X: Excalibur and the Greatest Weapon of All


“There drew he forth the brand Excalibur,

And o’er him, drawing it, the winter moon,

Brightening the skirts of a long cloud, ran forth

And sparkled keen with frost against the hilt:

For all the haft twinkled with diamond sparks,

Myriads of topaz-lights, and jacinth-work

Of subtlest jewellery.”

Alfred, Lord Tennyson – Morte d’Arthur



While covering classic examples of art and literature, it would be a grave mistake to overlook the significant impact that Arthurian legend has made on our culture. There are more versions than I can count of the early Welsh legends regarding King Arthur, Merlin, Camelot, and the Knights of the Round Table. No matter which version you find, however, you will find a powerful symbol in the form of King Arthur’s legendary sword, Excalibur.

The sword was known as Caledfwlch in the Old Welsh tongue, which comes from the words caled (“hard”) and bwlch (“breach, cleft”). The idea was that this sword wielded such power that it could cut through almost anything, including iron and wood. This led to the Latin name for the sword, Caliburn, and the notion that the sword’s name meant “cut steel.”[1]

While some versions of the Arthurian tale say that Arthur found this mighty weapon when he drew it from a stone, leading him to be crowned king, other versions claim that Excalibur was given to Arthur as a gift from the enchanted Lady of the Lake. The legends agree, however, that the story brandished like fire when it was wielded, and that the mere sight of it struck fear into the hearts of even the fiercest enemies.

What must it be like to wield such a powerful weapon?   This thought has inspired countless poems and epic tales of adventure.

Now, what if I were to tell you that there exists a weapon that is sharper than any other sword, and whose legend far outshines that of Excalibur? What if I were to tell you that this weapon was responsible for the rise and fall of nations, could melt the heart of kings, and had the power to alter one’s eternal destiny?

And here’s the most exciting part of all: you already have this weapon in your possession.

It’s name? The Word of God.

Hebrews 4:12 describes Scripture by saying, “For the word of God is alive and active. Sharper than any double-edged sword, it penetrates even to dividing soul and spirit, joints and marrow; it judges the thoughts and attitudes of the heart.”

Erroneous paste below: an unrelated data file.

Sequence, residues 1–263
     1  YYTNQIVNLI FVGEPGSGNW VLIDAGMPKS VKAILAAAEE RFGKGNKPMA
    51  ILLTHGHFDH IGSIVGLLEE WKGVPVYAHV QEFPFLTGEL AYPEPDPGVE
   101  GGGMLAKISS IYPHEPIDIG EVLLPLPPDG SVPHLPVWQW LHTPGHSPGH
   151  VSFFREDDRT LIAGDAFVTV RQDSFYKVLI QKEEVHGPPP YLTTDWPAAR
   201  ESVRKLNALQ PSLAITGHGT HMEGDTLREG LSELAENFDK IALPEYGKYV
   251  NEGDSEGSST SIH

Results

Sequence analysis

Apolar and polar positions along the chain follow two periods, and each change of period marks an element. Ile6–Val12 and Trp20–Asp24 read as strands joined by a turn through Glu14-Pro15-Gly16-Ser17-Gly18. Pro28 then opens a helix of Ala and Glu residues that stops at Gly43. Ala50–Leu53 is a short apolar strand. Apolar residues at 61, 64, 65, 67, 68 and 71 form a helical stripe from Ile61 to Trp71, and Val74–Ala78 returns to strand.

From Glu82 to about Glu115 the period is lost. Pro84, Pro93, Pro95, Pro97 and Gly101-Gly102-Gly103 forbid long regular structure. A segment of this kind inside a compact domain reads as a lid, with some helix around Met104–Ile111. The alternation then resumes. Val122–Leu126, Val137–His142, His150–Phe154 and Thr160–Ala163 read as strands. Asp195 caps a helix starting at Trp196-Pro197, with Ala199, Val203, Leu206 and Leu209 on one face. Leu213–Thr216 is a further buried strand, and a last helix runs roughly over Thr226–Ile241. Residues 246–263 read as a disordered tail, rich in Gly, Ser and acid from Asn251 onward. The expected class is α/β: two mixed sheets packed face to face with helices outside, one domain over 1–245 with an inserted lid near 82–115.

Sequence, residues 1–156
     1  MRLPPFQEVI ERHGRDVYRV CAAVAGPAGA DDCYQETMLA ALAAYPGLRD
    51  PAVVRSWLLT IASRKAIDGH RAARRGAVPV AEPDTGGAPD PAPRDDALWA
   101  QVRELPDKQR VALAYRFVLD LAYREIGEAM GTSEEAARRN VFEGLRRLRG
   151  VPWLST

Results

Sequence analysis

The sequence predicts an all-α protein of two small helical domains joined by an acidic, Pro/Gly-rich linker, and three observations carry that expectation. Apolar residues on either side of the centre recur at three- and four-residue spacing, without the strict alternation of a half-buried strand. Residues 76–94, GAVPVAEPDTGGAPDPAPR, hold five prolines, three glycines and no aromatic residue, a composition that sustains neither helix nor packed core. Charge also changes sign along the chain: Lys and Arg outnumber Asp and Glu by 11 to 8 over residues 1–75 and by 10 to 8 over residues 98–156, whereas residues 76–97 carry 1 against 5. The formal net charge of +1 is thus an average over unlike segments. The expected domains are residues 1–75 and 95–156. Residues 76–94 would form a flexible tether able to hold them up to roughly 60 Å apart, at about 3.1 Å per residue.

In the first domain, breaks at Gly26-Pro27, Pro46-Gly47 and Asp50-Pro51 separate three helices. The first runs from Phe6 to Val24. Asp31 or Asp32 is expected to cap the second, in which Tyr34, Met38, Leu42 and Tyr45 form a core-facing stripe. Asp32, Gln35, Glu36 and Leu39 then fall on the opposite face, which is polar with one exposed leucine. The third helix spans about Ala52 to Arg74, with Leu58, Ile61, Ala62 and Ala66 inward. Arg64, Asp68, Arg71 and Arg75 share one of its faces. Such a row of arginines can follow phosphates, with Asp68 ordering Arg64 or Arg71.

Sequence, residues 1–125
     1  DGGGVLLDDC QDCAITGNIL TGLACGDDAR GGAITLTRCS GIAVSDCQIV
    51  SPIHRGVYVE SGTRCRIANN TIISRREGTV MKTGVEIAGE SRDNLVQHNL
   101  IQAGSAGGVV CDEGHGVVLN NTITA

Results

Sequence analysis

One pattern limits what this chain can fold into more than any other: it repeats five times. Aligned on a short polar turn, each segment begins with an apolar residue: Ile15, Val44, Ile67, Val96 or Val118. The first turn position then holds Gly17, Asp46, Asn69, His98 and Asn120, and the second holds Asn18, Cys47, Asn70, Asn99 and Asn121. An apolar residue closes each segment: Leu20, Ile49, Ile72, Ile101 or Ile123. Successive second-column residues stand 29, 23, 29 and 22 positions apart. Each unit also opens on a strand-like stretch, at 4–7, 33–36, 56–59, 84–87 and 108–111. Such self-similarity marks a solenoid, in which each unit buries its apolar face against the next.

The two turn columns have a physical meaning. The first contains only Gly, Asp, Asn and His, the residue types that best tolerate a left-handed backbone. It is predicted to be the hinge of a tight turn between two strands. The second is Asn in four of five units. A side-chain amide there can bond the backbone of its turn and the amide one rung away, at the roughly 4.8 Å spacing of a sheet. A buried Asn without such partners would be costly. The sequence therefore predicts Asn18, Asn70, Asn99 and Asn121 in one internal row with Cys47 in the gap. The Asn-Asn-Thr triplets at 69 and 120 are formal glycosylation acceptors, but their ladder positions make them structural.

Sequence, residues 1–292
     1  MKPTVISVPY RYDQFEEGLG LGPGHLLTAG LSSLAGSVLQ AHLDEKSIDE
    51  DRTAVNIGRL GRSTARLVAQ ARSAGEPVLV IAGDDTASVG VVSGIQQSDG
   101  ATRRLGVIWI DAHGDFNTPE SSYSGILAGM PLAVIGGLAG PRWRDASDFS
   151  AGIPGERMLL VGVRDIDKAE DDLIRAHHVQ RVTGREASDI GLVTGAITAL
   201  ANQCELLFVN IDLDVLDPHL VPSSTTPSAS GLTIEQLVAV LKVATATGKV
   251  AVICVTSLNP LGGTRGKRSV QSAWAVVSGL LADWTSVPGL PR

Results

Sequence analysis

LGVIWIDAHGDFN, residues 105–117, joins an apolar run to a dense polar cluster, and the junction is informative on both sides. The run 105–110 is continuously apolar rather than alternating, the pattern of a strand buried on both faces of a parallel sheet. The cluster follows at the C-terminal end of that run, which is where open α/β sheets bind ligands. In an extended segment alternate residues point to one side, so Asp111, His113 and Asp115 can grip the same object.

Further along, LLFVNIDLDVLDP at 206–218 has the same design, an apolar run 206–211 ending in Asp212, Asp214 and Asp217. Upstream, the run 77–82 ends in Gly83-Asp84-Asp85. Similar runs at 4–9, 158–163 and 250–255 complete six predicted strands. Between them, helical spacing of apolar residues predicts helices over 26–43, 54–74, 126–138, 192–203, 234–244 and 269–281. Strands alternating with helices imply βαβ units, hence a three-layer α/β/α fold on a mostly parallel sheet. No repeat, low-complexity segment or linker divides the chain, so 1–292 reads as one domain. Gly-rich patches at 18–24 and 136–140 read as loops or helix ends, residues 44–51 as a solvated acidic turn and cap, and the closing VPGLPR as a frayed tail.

The Bible, also known as the Sword of the Spirit (Ephesians 6:17), is the most powerful weapon known to man. Why? Because it has the wisdom and power of the Almighty God behind it. (Sorry, Lady of the Lake, I think you’ve been outmatched!)

Of course, now that we know we have this all-powerful weapon at our disposal, it begs the question: what are we doing with it?

It’s a question worth answering.


[1] R. Bromwich and D. Simon Evans, Culhwch and Olwen. An Edition and Study of the Oldest Arthurian Tale (Cardiff: University of Wales Press, 1992), pp. 64-65.


Photo Credit:  King Arthur Asks the Lady of the Lake for the Sword Excalibur – Walter Crane (1911) – Public Domain


The Classics.jpg

This post was submitted as part of the A to Z Challenge, where participants agree to write an article that corresponds to each letter of the alphabet, posting every day of the month of April (except Sundays).

Here on The Artistic Christian,  my theme for the month is The Classics.  Each day I’ll examine a book, film, or work of art that has become a beloved classic and discuss what has made it such a success, and what eternal themes it contains that Christian artists can use as modern illustrations.

For daily reflections from my personal travels around the world, check out my companion blog, Everyday Musings, where my theme for April is Reflections From Around the World.


9 thoughts on “X: Excalibur and the Greatest Weapon of All

  1. Wow!! Loved this!! I can’t help but be fascinated by the stories of King Arthur. Lord Tennyson couldn’t either. 🙂 So many of his poems seem to be about Arthurian legends. I loved how you used the legend of Excalibur to compare to the Word of God!! Amen and amen!!

    Liked by 1 person

    1. These really are fascinating tales, and using this illustration seems like a fun way to get young people to realize what an incredible gift the Bible truly is! Thanks for sharing your thoughts!


  2. I think I’ve only come across Arthur once before during the challenge – can’t remember who or which letter but I remember discussing the Mary Stewart trilogy on Merlin and Arthur starting with The Crystal Cave. The only “Arthur” site I remember visiting is the Round Table at Winchester – which isn’t the “real” round table, but is awesome anyway.

    Liked by 1 person

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